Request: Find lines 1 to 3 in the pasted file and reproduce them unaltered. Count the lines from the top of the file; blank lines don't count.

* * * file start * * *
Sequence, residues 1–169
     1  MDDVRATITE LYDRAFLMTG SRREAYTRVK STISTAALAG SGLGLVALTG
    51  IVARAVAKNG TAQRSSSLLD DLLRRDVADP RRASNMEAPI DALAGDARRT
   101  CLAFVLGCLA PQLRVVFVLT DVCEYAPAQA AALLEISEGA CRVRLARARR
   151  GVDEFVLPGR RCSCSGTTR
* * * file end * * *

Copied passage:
Sequence, residues 1–169
     1  MDDVRATITE LYDRAFLMTG SRREAYTRVK STISTAALAG SGLGLVALTG
    51  IVARAVAKNG TAQRSSSLLD DLLRRDVADP RRASNMEAPI DALAGDARRT